February 18, 2016/Neurosciences/Research

Pairing MRI with Histopathology to Probe the Pathogenesis of ALS

Research seeks MRI biomarkers of in vivo pathogenesis


By Jacqueline Chen, PhD, and Erik P. Pioro, MD, PhD


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More than 150 years after the initial description of amyotrophic lateral sclerosis (ALS) by Dr. Jean-Martin Charcot, its cause remains unknown and current treatments improve survival by only a few months. How will this disease be stopped?

An interdisciplinary team at Cleveland Clinic believes the answer lies in a better understanding of ALS pathogenesis through coordination of longitudinal brain MRI studies with histopathologic analyses following rapid autopsy. Our team has initiated an innovative research program to bring that coordination to bear across a growing series of ALS patients, with the goal of illuminating ALS pathogenesis and identifying new therapeutic targets.

These efforts are directed out of the Department of Neurosciences and the Section of ALS and Related Disorders in the Neurological Institute’s Neuromuscular Center, with collaboration from the departments of Anatomic Pathology, Diagnostic Radiology and Biomedical Engineering.

Incomplete picture of pathogenesis has hindered progress

Degeneration of motor neurons in the brain, brainstem and spinal cord is the central feature of ALS. The inability to directly observe why and where the motor neurons degenerate has proved to be an important obstacle to the discovery of effective therapies.

In the absence of direct observation of motor neuron degeneration, a biomarker that is directly associated with the disease process would be invaluable. Biomarkers of disease progression in ALS clinical trials and drug development to date have included demographics, clinical presentation, functional testing and — increasingly — analysis of biofluids or other tissues. Although such metrics may be associated with disease progression, they do not elucidate the pathological processes that cause motor neuron degeneration.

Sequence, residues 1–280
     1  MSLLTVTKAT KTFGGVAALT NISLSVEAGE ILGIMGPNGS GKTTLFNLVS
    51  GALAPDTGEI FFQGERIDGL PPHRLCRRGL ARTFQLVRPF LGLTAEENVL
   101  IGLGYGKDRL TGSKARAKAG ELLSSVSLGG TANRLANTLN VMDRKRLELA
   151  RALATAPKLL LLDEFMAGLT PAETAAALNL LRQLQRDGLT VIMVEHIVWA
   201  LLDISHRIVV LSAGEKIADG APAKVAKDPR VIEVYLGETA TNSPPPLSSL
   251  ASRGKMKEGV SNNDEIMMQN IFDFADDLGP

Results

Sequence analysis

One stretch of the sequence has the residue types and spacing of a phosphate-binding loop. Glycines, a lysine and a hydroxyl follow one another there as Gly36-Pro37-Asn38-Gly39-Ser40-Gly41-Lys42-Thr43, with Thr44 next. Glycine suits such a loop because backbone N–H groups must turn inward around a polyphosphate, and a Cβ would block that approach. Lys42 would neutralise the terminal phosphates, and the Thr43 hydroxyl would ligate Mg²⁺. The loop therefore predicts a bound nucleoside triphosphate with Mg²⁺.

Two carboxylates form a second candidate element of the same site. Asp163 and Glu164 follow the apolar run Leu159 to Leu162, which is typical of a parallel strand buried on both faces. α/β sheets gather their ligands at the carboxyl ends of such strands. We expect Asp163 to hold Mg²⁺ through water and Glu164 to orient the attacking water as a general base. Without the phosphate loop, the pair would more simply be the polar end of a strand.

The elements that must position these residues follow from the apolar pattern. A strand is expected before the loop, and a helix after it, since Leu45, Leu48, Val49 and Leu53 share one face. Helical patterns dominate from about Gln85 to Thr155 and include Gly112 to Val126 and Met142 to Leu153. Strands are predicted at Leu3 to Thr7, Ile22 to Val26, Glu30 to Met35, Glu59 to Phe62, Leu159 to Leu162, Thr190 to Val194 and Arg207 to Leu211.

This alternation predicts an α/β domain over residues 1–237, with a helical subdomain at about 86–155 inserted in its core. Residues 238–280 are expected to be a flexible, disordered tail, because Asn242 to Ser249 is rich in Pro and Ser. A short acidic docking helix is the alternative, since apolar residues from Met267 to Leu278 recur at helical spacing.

MRI of the brain and spinal cord of patients with ALS can be performed in vivo to potentially reveal underlying pathology at one or more time points. MRI provides a noninvasive and high-resolution method of investigating various aspects of pathology (demyelination, degeneration, inflammation, etc.) during a single imaging session. Although MRI can identify ALS pathology, its sensitivity is not well characterized and we do not fully understand which aspects of such pathology it detects.

Pursuing pathogenesis with a coordinated research approach

Cleveland Clinic’s interdisciplinary approach addresses this need for a better understanding of ALS pathogenesis and for identification of new therapeutic targets. The program is unique in the high-quality data acquired throughout the disease course and postmortem.


The model for acquiring imaging and pathology data is outlined in Figure 1. Newly diagnosed patients are recruited to undergo brain MRI soon after diagnosis and approximately one year later. Patients may also consent to postmortem MRI and rapid autopsy of their brain and spinal cord. These procedures are performed immediately after death so that the MRIs are of similar quality to those acquired in vivo and tissues are in optimal condition for highly sensitive and specific immunostaining to characterize the pathology.